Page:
"That is all changed now, perhaps until End Times," says an employee at Beirut's Dar al Fatwa in the mixed neighborhood of Aisha Bikar, near the American University of Beirut.
The gentleman and a colleague he was with elaborated:
"Everyone alive today in Lebanon and for many generations to come will have their family's lives negatively affected by the rapidly spreading sectarian hostility. The Sunni-Shia hatred is poisonous--it's the new political Ebola virus! Can it be eradicated? How can we stop it from engulfing the Middle East or has it already done so?"
His friend added, "And forget about the Christians! In a few years' time there will probably not be enough of them left in the Middle East to matter."
To this observer, the spiraling sectarian conflict between Sunni and Shia in Lebanon appears to be coming mainly from Sunni groups and militia who vent a laundry list of complaints against their fellow Muslims, many, but not all, stemming from Hezbollah's involvement in the civil war still raging across the anti-Lebanon mountain range to the east.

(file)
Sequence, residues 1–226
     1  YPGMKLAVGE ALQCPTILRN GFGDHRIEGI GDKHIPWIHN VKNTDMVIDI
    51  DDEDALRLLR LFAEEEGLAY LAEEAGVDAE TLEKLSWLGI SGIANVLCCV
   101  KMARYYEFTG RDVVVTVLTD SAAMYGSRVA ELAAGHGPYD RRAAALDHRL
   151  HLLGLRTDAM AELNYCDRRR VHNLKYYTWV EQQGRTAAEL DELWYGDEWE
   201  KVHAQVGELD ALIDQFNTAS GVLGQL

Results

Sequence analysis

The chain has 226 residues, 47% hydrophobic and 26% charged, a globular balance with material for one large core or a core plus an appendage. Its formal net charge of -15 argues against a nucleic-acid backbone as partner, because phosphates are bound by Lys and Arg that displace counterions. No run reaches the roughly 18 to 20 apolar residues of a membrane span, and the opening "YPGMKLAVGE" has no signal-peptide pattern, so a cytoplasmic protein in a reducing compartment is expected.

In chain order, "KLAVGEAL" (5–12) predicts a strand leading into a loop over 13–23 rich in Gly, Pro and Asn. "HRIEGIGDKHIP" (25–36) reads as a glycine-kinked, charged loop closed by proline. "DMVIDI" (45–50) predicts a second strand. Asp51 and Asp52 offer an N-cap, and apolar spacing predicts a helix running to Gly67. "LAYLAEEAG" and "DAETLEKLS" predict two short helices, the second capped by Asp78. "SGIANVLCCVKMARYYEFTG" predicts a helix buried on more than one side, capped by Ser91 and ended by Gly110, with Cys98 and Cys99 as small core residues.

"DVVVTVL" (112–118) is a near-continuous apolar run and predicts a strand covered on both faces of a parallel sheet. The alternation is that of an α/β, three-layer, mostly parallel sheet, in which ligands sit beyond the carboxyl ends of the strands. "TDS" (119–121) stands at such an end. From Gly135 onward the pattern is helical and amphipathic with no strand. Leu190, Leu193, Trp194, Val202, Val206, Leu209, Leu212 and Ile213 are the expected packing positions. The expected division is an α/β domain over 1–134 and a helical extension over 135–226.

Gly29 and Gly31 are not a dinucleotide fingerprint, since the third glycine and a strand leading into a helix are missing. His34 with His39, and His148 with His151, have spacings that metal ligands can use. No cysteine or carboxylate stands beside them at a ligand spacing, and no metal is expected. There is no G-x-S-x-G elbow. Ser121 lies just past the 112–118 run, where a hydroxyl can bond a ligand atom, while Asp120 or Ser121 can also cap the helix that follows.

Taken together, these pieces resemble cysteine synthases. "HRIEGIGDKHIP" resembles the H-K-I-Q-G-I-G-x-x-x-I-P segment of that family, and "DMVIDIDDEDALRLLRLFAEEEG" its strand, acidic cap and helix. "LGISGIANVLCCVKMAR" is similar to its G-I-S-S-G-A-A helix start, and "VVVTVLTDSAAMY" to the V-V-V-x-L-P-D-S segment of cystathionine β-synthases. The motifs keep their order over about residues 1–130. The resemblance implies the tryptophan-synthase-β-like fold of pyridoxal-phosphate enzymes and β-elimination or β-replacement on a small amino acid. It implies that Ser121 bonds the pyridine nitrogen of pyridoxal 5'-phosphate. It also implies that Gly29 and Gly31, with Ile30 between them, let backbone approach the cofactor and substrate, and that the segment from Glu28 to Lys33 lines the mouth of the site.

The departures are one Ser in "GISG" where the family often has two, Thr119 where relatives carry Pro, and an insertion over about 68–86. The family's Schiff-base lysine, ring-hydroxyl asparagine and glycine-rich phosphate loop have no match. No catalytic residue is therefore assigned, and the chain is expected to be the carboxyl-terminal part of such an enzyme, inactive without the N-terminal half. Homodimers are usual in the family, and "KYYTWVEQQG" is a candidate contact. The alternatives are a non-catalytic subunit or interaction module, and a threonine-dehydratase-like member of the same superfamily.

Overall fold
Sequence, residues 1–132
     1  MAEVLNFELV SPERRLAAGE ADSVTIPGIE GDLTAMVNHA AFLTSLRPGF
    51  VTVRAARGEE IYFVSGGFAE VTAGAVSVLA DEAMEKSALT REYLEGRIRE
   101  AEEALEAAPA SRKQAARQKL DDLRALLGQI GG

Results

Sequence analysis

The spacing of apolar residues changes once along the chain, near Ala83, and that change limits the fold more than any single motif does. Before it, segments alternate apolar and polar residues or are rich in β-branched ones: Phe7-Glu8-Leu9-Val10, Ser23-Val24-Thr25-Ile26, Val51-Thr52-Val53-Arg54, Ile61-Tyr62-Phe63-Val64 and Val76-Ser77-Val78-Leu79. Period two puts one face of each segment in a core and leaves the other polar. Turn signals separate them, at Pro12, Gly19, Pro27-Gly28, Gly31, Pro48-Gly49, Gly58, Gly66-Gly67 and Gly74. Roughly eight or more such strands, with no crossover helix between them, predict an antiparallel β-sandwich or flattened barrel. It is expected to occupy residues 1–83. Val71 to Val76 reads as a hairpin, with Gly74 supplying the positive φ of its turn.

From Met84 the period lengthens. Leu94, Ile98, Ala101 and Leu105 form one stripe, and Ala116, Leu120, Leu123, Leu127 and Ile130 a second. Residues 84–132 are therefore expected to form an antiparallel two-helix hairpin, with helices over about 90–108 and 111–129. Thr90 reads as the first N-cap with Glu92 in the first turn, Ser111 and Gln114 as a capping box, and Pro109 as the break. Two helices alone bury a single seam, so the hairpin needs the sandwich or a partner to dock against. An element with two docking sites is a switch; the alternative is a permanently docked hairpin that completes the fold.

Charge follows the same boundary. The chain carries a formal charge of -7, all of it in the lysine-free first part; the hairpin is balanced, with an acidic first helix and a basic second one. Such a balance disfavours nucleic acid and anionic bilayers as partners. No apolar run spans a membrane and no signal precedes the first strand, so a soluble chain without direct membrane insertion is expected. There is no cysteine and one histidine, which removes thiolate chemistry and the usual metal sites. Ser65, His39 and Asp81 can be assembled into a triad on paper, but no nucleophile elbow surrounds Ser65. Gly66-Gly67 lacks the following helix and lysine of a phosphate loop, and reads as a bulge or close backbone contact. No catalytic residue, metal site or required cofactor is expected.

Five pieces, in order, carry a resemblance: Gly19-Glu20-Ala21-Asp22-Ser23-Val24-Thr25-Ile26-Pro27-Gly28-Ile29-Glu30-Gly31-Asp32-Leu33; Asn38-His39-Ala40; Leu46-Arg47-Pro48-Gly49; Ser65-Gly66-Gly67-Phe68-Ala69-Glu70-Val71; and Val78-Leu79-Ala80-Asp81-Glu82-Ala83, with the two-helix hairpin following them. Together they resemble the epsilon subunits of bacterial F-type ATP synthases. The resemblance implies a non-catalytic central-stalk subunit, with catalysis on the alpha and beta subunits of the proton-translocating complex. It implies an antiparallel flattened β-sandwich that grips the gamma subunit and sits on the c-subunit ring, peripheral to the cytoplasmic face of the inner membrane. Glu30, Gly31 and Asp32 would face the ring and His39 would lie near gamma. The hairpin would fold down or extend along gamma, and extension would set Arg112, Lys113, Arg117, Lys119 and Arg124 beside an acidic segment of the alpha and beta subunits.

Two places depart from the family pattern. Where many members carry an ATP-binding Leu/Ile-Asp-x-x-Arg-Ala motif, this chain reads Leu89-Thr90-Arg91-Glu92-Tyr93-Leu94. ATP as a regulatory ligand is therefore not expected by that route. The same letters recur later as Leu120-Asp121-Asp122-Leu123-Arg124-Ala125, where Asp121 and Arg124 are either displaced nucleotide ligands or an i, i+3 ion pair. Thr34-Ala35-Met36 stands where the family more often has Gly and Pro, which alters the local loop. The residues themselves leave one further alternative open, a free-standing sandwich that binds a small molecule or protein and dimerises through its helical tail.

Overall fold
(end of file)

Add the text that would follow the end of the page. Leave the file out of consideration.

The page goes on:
Co-existence, which held sway for centuries, included the sharing of many fundamental beliefs and practices, but there are differences in doctrine, ritual, law, theology, and religious organization, and these are based in part over a political dispute soon after the death of the Prophet Muhammad over who should lead the Muslim community. Sunni Muslims regard themselves as the orthodox and traditionalist branch of Islam, and they adhere to traditions and practices based on precedent or reports of the actions of the Prophet Muhammad and those close to him. Sunnis venerate all the prophets mentioned in the Koran, but particularly Muhammad as the final prophet. In early Islamic history, the Shia were a political faction--literally "Shiat Ali," or the party of Ali--and they claimed the right of Ali, the son-in-law of the Prophet Muhammad, and his descendants to lead the Islamic community.